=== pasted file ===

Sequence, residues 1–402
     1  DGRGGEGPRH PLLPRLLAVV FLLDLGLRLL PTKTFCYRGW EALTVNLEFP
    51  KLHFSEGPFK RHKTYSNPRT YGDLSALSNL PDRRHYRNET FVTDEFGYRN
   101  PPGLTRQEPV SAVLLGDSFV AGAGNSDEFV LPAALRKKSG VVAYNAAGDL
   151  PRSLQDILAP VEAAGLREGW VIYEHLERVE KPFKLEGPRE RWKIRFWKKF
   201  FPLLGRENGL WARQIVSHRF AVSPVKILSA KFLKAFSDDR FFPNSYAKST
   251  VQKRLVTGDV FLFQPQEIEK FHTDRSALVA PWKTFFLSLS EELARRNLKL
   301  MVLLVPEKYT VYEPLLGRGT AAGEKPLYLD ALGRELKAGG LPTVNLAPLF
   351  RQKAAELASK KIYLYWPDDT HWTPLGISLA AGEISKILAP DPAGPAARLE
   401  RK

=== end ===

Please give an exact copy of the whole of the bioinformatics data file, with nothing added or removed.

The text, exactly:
Sequence, residues 1–402
     1  DGRGGEGPRH PLLPRLLAVV FLLDLGLRLL PTKTFCYRGW EALTVNLEFP
    51  KLHFSEGPFK RHKTYSNPRT YGDLSALSNL PDRRHYRNET FVTDEFGYRN
   101  PPGLTRQEPV SAVLLGDSFV AGAGNSDEFV LPAALRKKSG VVAYNAAGDL
   151  PRSLQDILAP VEAAGLREGW VIYEHLERVE KPFKLEGPRE RWKIRFWKKF
   201  FPLLGRENGL WARQIVSHRF AVSPVKILSA KFLKAFSDDR FFPNSYAKST
   251  VQKRLVTGDV FLFQPQEIEK FHTDRSALVA PWKTFFLSLS EELARRNLKL
   301  MVLLVPEKYT VYEPLLGRGT AAGEKPLYLD ALGRELKAGG LPTVNLAPLF
   351  RQKAAELASK KIYLYWPDDT HWTPLGISLA AGEISKILAP DPAGPAARLE
   401  RK